The next minute it's, well, I'm getting access to video sets, because I'm coming with T-shirts, and normally I would have got kicked off of it, and I would pay to be on those video [sets]. And then next minute you're trying to holler at a girl, then she's like, "You didn't go to college?" Or looking at you like you're an idiot, and you're like, "No, but I got my own business, baby."
There was always that we found ways to validate ourselves. People today with customers, they're not people who have this long vision. They're people who just do the best they can do for their customer today, and they wake up tomorrow and do the best they can do for their customer tomorrow.
RX: Yeah. I hear what you're saying about being challenged. Oftentimes there are people who say they're really intimidated by business, and as Audible's business editor I hear from people all the time that maybe they're even too scared to pick up a business book because they feel like it's not for them.
What would you say to our listeners who feel like the door to entrepreneurship isn't open to them?
DJ: Entrepreneurial thinking has nothing to do with being an entrepreneur. Entrepreneurial thinking is finding out that there is a problem and learning how to solve it with a couple of key ingredients of doing your homework, executive on it, taking small steps, thinking outside the box, and realizing that everything you see around has been done by somebody, so why can it not be you?
"You didn't go to college? No, but I got my own business, baby."
So, you could be a stay-at-home mom or dad, and you're probably doing more entrepreneurial thinking than somebody that works at a company, because if you have two kids or one kid or four kids, they don't care about your time schedule. They have problems, they get hurt, they need attention, food, money, whatever the case is, and you are figuring it out every day. You have the same exact 24 hours I have. You are wearing every single hat, so you are entrepreneurial thinking as a parent. The process of entrepreneurial thinking is something that we all need to know.
RX: Thanks. I love that answer. I'm gonna think about that the next time I'm tidying up at home or something.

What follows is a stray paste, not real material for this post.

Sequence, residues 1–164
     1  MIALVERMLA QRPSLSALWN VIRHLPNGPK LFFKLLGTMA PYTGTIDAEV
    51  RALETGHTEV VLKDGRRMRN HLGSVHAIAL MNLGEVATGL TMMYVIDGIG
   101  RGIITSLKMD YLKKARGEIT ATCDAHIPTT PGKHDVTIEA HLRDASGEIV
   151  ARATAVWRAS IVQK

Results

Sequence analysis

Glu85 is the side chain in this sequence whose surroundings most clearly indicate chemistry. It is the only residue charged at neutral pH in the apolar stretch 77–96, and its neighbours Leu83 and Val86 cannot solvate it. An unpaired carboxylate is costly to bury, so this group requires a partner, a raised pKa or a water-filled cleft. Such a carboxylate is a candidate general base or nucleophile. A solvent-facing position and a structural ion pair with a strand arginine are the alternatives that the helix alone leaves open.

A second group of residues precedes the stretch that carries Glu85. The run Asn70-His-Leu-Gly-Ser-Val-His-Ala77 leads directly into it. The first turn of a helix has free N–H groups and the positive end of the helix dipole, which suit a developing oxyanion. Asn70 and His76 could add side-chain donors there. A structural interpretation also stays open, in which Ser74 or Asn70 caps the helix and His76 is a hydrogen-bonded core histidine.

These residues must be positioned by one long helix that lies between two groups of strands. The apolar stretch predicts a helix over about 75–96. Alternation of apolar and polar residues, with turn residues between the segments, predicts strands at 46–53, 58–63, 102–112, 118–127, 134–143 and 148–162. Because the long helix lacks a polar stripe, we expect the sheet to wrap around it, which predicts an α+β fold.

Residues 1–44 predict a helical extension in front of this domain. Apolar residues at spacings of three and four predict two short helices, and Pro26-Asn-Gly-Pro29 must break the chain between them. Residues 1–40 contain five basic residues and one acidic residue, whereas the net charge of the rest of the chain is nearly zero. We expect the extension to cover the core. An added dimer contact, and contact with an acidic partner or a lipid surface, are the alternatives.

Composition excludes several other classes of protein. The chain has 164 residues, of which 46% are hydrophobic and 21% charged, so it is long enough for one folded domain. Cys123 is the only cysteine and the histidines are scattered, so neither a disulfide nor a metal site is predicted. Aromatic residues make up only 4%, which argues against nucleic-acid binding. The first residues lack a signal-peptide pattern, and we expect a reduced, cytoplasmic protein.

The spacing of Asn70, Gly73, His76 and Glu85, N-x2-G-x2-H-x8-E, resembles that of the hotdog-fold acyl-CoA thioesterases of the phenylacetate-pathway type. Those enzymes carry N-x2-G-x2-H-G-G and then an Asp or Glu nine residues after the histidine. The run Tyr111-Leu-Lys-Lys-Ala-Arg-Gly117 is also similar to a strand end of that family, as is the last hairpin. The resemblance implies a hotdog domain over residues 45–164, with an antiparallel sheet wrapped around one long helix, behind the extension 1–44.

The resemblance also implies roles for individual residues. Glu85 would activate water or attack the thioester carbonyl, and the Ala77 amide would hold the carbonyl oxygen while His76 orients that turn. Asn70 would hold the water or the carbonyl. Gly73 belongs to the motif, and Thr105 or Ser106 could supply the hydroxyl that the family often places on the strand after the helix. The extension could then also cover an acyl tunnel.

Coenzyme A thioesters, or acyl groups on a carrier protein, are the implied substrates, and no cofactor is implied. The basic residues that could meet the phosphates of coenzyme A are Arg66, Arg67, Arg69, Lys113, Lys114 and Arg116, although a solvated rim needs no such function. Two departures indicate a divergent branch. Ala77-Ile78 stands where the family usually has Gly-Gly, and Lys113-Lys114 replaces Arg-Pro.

In your own business journey, you had a few setbacks that you dig into in Founding FUBU, and thinking about the part where you lost your first profit from selling hats by rear-ending a driver when you didn't have insurance or that very vivid scene where you're burning extra fabric in your yard, and you're half-purple. What kept you going when things got tough, and what is your advice for how others can stay motivated when they run into issues?
DJ: Some of the things that kept me going: I took affordable steps, and I was able to recover. But also it was a little bit of being naïve. I had a couple people, but I didn't have the internet or a lot of things that could teach me some of these critical things that I needed to put in action today. Could I go to the library and have encyclopedias of books written 100 years ago, 50 years ago? Yes, but unlike today, where you can hit people on social media who are doing 24-hour screen-printed shirts right away, and understanding that, or an Alibaba, I didn't have that.
And so a little bit of that was being naïve, just going down a path. But my love for what I was doing, and the fact that I had great partners who challenged me and had my back, and I had theirs, the minute that I wanted to quit, I had their back the minute they wanted to quit, were the things that kept going.
We got to the point where I had so much at risk, and it was like, I'm in trouble. If I don't figure this thing out, this is no longer a hobby. I got my mother's home at risk, I have capital at risk, I have years of work at risk, my friends have quit their jobs. I have a lot of customers out there who hope that I will provide for them, and if I don't get those goods out there, somebody else is gonna take 'em. So all the people that I was trying to fight against exploiting our culture, I just warmed it up for them to take further advantage.
There's a lot of emotions, and of course I share that all in the book, of the emotions that I was going through.
RX: You just mentioned that you did have some help, specifically from your mom of course, but also from your close friends, and you also talked about having support from other business owners and entrepreneurs. What role does community play in your success, and why is it important for other entrepreneurs as well?
DJ: I think community is a huge part of success, because you become what you think about most of the time, and the people that you see right in front of you are the ones that show you it can be done. And they're generally the community leaders. They know that they have an obligation to help their community, help who they are, you know? Turn these kids from Crips to corrections to kids to college.